This post was published at CNBC Television
The rebound for gold and silver off the lows associated with the recent Non-Farm Payrolls and FOMC continued with gold taking and holding 1280 and silver putting a stick in the ground above 16.50. I lightened up on a largish short term position I had put on at the time. I did circle these instances of short term lows on the chart as you may recall.
As noted with the publication of the new Comex options calendars yesterday, today was an options expiration for precious metals.
February is the new active month for gold contracts. March is the next active contract for silver.
Although it still matters for pricing, the Comex listed warehouse complex is starting to resemble a museum. Very little gold flows in or out of its approved warehouses, excepting for those in Hong Kong which is by far their largest source of physical gold movement.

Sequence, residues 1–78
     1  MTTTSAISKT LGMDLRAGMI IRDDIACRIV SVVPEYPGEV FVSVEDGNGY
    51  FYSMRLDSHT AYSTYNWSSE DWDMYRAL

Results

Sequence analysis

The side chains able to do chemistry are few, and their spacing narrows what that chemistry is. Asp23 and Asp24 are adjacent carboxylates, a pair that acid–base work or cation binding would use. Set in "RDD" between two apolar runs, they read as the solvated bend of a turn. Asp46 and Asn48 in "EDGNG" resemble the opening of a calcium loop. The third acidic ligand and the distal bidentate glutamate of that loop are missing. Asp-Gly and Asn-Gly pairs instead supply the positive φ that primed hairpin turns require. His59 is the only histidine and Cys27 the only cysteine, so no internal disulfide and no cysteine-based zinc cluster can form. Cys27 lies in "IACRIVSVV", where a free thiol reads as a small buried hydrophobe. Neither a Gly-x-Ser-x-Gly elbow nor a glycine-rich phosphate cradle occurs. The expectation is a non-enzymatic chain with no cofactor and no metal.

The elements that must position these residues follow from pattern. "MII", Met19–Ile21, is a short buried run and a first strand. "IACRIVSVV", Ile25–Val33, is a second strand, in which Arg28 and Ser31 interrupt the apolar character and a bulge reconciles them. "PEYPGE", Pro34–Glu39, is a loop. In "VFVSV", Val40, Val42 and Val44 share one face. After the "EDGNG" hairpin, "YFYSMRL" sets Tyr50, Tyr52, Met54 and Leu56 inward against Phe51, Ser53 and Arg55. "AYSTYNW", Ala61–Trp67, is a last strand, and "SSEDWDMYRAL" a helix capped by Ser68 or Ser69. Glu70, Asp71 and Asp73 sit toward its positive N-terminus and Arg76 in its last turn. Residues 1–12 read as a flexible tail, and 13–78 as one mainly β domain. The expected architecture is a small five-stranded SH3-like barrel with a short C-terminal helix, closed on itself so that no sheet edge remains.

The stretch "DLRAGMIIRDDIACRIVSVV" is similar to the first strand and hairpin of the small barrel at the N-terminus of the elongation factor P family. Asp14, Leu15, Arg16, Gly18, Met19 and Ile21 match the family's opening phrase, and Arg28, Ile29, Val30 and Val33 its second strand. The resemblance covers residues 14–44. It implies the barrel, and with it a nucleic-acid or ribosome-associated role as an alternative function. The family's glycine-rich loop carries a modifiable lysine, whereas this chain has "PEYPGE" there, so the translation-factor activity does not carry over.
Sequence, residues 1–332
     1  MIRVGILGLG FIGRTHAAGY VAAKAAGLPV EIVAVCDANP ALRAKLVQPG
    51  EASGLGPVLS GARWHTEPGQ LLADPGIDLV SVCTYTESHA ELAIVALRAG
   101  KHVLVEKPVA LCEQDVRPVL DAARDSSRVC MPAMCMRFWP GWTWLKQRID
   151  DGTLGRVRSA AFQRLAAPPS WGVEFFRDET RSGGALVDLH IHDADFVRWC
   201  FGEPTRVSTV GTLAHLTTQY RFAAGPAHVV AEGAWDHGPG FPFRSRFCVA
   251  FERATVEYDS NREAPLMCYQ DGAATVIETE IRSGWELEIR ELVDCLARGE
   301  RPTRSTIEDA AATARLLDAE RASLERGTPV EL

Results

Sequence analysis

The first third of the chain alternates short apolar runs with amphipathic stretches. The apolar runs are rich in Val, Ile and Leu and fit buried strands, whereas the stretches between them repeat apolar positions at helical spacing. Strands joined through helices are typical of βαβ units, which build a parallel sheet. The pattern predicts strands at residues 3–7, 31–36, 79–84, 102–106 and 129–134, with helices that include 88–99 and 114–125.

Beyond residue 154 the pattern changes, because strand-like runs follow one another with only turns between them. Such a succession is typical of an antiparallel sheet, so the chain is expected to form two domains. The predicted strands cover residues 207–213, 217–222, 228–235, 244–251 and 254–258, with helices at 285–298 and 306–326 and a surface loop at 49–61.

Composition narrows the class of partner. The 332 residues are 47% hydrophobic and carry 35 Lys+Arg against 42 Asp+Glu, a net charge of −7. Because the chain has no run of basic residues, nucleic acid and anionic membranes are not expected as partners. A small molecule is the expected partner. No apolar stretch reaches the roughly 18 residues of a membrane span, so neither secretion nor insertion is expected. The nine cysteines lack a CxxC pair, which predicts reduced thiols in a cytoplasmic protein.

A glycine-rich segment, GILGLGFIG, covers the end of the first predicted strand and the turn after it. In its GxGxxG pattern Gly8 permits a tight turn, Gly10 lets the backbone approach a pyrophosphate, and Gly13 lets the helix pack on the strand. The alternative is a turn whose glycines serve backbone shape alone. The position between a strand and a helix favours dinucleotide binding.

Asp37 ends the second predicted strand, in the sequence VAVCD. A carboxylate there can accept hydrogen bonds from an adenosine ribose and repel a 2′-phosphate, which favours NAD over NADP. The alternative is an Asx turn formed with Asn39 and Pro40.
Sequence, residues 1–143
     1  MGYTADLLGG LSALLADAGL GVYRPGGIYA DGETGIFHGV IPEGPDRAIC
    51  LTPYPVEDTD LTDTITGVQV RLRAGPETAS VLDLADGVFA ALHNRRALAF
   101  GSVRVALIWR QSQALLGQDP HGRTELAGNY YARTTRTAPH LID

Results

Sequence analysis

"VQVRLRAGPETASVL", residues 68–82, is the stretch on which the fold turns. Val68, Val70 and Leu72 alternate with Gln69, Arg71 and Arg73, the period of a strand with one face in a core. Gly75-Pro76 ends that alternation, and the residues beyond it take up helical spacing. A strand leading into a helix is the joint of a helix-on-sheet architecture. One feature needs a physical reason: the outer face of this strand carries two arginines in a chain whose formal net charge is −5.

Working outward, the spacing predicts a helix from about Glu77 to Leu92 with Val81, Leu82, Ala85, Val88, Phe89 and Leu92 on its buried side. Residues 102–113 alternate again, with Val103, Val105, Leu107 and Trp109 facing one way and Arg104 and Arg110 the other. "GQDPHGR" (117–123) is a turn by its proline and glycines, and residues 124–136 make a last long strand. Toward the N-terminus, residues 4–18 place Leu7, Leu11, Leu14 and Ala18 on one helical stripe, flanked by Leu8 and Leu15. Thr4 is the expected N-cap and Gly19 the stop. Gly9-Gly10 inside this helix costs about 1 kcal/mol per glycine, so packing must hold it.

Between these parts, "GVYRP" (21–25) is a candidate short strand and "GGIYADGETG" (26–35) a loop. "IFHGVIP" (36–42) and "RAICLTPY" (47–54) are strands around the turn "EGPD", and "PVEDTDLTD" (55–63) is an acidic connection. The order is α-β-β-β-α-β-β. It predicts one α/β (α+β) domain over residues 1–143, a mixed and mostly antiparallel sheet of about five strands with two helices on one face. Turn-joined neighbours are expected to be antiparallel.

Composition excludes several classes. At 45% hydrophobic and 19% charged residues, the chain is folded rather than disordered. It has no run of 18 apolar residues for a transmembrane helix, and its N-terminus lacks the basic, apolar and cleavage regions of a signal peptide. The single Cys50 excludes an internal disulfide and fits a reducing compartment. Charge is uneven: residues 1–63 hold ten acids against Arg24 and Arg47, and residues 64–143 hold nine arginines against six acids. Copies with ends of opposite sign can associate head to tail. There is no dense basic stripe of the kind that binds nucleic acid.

Silver is a bit different, because CNT is an active wholesaler of physical silver for the Mint among others, and it uses the Comex to warehouse its inventory flows. But I just don’t see the shortage of physical silver in the same light as gold. It is easy to see that JPM is sitting on a massive hoard which is interesting.
Gold is a funny market now. In some ways it reminds me of a ponzi scheme in which a relatively small amount of free float physical gold is being leveraged over a very large and growing number of commitments.
This post was published at Jesses Crossroads Cafe on 26 DECEMBER 2017.
One of the many themes we support at The Daily Coin is the constant progress happening across the emerging markets, especially the nations involved the Eastern economic alliances like BRICS, BRI, SCO, EAEU and the like. These nations under the direction of China or Russia or a combination are laying the groundwork to be the driving force of the 21st Century and beyond.
We also continually report on gold moving from Western vaults to all points East. Most recently we discussed Kazakhstan and the importance of this nation both from a geographical position as well as natural resources like gold, rare earths and a wide variety of other elements within the borders of this growing nation.